I love this book and I adore the original movie. It exposes, however, one of my worst character flaws…my total lack of self confidence because of my weight. You see, while I’m watching Carrie cracking apart beneath the weight of peer pressure and an insane mother, all I can think about is…why is she so upset with her life? At least she isn’t fat.
I cannot say that I didn’t harbor dark fantasies similar to the prom blood-fest at the end. I was so rejected in high school that I was miserable. I hid away in my books and fantasies while all the skinny girls got asked out on dates, or so I assumed. Boys didn’t look at me; they made snorting sounds at me. I never went to a prom. Back in the 70s, most kids were thinner than they are now and I stuck out like a sore thumb. There were no Lane Bryant stores or Weight Watchers meals. I drank TAB for years after it was released by Coca Cola, relieved that I could drink soda without expanding my waistline.
I am now hyper-aware of weight discrimination issues. It aggravates the crap out of me that the Women’s department in every store seems to be buried in the back somewhere so it cannot be seen or found. Forget that the majority of women are size 12 or that Marilyn Monroe was a size 14, fat people…especially fat women, are persona non grata in this society.
I’ve got too much pride, however, to allow my weight to dictate my life. That’s why I decided NOT to seek out a man because I was fearful that my self-esteem issues would cloud my judgement and I’d marry someone just to prove to the world that I was wanted. That’s not a good recipe for matrimonial bliss. My family tree is riddled with female leaves that have wilted due to male domination and abuse. Not for me.
I hope I find a companion some day. He’ll have to learn to deal with my assumptions that men just aren’t interested in me because I’m not a Victoria Secrets’ model. But I have lots to offer a guy. I’m organized, self reliant and MORE than willing to send him off to meet with his friends, male OR female. And….and this is a big and for me because I’ve lived with my best friend for 30 years and she is of no use in this department….I love science fiction movies. Love ’em. I love Fast and Furious movies and action movies.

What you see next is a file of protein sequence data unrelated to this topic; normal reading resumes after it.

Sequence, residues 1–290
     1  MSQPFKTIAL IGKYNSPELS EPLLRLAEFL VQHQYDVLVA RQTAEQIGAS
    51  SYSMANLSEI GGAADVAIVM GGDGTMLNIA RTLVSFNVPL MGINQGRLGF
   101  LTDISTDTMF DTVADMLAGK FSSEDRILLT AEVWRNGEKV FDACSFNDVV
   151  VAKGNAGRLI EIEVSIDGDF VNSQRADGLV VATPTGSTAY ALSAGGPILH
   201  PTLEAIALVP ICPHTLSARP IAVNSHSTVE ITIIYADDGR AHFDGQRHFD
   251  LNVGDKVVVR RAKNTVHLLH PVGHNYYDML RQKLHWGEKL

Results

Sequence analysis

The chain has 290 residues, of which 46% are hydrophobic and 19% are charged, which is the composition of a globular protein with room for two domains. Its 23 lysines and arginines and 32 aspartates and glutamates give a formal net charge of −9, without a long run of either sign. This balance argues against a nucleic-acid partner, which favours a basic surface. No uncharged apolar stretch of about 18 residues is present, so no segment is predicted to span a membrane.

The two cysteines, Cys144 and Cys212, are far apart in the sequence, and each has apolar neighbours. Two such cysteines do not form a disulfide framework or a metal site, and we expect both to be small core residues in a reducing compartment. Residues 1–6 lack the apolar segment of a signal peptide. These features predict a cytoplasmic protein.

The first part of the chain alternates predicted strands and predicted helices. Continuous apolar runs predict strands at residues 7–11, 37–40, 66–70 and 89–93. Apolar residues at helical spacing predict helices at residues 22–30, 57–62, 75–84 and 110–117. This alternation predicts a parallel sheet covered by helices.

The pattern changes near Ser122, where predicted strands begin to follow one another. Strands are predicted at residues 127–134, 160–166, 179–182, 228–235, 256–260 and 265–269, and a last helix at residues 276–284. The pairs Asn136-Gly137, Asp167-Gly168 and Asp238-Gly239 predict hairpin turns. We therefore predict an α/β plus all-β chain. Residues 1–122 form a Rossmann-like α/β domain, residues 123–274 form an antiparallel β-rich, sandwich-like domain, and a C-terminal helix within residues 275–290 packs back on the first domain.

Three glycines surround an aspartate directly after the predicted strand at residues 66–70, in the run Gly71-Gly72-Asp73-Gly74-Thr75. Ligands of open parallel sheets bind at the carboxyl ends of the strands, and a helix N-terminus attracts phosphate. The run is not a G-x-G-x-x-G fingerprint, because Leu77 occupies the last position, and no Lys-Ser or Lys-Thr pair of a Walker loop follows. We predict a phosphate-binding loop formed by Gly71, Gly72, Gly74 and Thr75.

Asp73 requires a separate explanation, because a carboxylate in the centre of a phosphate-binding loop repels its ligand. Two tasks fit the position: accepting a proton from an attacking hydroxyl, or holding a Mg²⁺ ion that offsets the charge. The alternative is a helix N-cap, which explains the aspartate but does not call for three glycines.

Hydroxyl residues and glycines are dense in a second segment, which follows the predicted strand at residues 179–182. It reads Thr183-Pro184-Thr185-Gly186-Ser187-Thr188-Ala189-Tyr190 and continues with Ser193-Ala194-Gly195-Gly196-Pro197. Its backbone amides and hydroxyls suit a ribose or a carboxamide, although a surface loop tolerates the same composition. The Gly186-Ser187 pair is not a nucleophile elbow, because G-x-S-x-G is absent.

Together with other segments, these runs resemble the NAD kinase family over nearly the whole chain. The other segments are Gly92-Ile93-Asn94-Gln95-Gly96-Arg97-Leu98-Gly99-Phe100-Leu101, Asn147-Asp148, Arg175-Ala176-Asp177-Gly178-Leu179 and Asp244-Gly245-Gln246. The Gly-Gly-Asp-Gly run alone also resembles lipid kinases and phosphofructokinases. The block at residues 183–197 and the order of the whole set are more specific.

So if I was Carrie, I’d have told mom to shut the hell up and take a damn pill. I’d have bought some jeans, put on some makeup and joined the “in” crowd. We know they’re all idiots, but at least high school would have been more fun for her.
I am not someone who likes to admit failure, but I failed to read this book. A few years ago a dear friend of mine, a fellow reader, joined with me to begin reading the top 100 books of the 20th century. These lists are out there, everywhere. We plowed through Catcher in the Rye and The Great Gatsby. I remember thinking that The Grapes of Wrath had the most powerful ending of any book I’d ever read. But when Ulysses came up, I choked.
It made no sense to me. Now that I think about it, if anyone decided to record my thoughts for a whole day, that wouldn’t make much sense either. Perhaps it was the SIZE of the book that contributed to my lack of desire to keep trying to read it. I was so frustrated, then I’d note that there were about a zillion pages to go and depression would set in. I have a rule, I give books about 50 pages and if I’m not into it, it goes back on the shelf. Life’s too short to waste time reading books that don’t entertain or teach me something.
I read up on the book and found out that it had been serialized in its first release. Perhaps that would have been better. I would have had time to digest each of the 18 parts before slogging through the next. I’m a huge Dickens fan, but I’m the first to admit that reading Dickens from start to finish can be tedious. I try to imagine what it was like 150 years ago when readers devoured Dickens a chapter at a time, with NO way to read ahead.
Perhaps this is what leads so many of our children to fail at reading. I read a news piece today that 25 percent of Columbus City School children did not pass their 3rd grade reading test. I was reading college level books by the 4th grade, but not everyone enjoyed a wild love affair with books that I did as a child. Perhaps this quarter of our 3rd graders haven’t been given the right books to read. So much is in competition for a child’s time. I visited a friend today and watched two little boys playing video games, and they weren’t educational. But who knows how I would have grown up if I had been able to play interactive games on my television? I’d like to think that the siren call of my books would drown out the gunfire, but I just don’t know.